With Afghanistan grappling with a humanitarian crisis this winter, the Taliban government in Kabul has stopped paying key electricity suppliers in Central Asia. Despite the growing arrears, officials in Tajikistan and Uzbekistan are helping keep the lights on in Afghanistan.
Afghanistan’s humanitarian and economic crisis is causing cash-flow gridlock for the country’s national power agency, Da Afghanistan Breshna Sherkat (DABS), as impoverished citizens lack the funds to pay for essentials, including electricity used for heating and lighting. In turn, DABS is unable to meet its obligations to Central Asian suppliers; payment arrears were estimated at $100 million as of late December, according to findings contained in the most recent quarterly report by the Special Inspector General for Afghanistan Reconstruction (SIGAR), a watchdog created by the U.S. Congress.
“Not only do the Taliban face potential technical and personnel difficulties in managing the country’s power infrastructure, particularly as trained personnel leave the country,” the report states, “but they now face severe revenue shortages that inhibit the ability to provide both domestically and externally generated electricity to the power grid.”
The SIGAR report estimated that almost 23 million Afghans are facing “life-threatening levels” of hunger this winter, due to the combined effects of social upheaval, a lack of governmental capacity and an economic meltdown. A cutoff of Central Asian electricity imports could compound suffering for up to 10 million Afghans, SIGAR added. Imports from the two Central Asian states meet almost 80 percent of Afghanistan’s electricity needs, Bloomberg reported in the fall.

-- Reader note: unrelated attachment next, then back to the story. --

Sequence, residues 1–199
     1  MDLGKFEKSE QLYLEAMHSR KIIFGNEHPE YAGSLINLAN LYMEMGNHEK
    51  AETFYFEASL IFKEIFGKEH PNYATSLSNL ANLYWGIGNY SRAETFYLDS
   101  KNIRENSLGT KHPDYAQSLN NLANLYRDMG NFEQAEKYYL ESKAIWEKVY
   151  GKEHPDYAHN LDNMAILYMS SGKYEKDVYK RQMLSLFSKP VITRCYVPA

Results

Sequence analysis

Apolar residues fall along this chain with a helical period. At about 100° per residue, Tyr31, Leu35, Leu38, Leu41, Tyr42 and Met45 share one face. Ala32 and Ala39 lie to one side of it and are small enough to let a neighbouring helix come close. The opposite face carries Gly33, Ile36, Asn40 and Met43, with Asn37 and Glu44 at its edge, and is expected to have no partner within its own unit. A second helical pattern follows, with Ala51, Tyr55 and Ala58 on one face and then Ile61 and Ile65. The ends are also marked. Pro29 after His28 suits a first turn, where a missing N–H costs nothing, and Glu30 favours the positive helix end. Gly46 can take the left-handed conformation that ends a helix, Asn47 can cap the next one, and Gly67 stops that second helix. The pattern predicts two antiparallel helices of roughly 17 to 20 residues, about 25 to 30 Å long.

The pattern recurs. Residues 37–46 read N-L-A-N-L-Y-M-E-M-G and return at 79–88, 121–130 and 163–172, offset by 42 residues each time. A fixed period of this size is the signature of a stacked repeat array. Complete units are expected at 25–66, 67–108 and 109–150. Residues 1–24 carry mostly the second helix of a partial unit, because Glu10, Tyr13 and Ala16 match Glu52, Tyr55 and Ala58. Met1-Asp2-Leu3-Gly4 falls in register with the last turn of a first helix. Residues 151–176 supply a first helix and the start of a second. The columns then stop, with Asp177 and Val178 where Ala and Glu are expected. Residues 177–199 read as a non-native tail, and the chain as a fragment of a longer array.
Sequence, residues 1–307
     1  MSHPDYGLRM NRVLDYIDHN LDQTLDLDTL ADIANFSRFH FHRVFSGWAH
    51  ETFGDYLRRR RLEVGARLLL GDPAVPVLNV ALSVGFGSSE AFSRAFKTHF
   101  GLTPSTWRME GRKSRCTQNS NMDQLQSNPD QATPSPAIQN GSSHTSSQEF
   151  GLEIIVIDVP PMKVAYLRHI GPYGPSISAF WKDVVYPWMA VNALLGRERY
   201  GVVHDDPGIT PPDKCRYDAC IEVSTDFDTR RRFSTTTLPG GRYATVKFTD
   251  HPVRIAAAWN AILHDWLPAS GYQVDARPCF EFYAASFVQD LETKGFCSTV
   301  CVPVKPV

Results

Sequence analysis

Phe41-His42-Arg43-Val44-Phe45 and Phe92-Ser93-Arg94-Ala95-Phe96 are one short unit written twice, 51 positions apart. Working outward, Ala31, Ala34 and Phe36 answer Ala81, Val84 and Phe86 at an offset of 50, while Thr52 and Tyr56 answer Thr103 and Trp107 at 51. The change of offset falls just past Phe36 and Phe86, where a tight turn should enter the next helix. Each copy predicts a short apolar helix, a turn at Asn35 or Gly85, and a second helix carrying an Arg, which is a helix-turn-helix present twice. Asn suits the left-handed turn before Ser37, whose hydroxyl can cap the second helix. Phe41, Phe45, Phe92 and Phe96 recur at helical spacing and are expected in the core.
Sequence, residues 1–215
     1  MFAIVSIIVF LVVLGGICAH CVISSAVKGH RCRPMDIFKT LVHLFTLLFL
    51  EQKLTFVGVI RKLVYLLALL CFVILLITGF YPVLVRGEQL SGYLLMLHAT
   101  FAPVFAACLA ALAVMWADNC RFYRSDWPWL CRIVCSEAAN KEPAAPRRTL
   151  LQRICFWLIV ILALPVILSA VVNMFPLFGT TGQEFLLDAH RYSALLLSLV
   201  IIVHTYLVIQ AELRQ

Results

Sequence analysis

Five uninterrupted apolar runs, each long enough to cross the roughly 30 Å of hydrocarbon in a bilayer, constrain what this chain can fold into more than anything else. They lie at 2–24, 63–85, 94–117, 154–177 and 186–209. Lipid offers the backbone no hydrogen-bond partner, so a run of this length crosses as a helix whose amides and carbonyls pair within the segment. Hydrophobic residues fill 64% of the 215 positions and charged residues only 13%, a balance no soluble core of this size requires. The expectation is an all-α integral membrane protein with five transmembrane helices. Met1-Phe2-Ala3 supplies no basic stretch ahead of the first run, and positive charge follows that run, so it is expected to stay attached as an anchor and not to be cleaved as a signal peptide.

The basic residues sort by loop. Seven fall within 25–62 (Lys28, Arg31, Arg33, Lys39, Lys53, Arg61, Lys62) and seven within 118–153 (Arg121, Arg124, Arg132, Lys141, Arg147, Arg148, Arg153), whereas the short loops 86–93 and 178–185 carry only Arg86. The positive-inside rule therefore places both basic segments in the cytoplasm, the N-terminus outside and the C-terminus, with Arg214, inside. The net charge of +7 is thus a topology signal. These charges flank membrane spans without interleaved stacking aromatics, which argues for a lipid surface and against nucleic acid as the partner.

Acutely aware of the potential ramifications of a humanitarian catastrophe along their southern border, officials in Tajikistan and Uzbekistan show no inclination to quickly pull the plug on power exports to Afghanistan. The SIGAR report noted a $100-million deal reached between DABS and the National Electric Grid of Uzbekistan, under which the Uzbek supplier will export 2 billion KWH of electricity to Afghanistan in 2022. Meanwhile, the Tajik state entity Barki Tojik agreed in late December to produce an additional 1.5 billion KWH of power for Afghanistan for $69 million. Afghan officials have also sought to expand electricity imports from Turkmenistan.
In January, Afghanistan experienced several abrupt interruptions in Central Asian electricity supplies that appeared to have no connection to DABS’ payment arrears. Technical issues were blamed for a sudden 60-percent cut in Uzbek supplies on January 12. A few weeks later, Central Asia experienced a regionwide blackout.
The extension of Central Asian power-supply arrangements into 2022 coincides with reports of rising discontent among ethnic Uzbeks, Tajiks and Turkmen living in northern areas of Afghanistan. The Taliban is dominated by ethnic Pashtuns and friction in northern Afghanistan is long-standing: Uzbek and Tajik militias blunted Taliban attempts to gain control of northern areas during the Islamic radical movement’s initial tenure in power from 1996-2001.
A dispute in early January over the Taliban arrest of a local ethnic Uzbek militia commander devolved into a brief gun-battle involving Taliban fighters and the commander’s supporters in the town of Maymana, not far from the Afghan border with Turkmenistan. At least four people were reported killed in the fighting.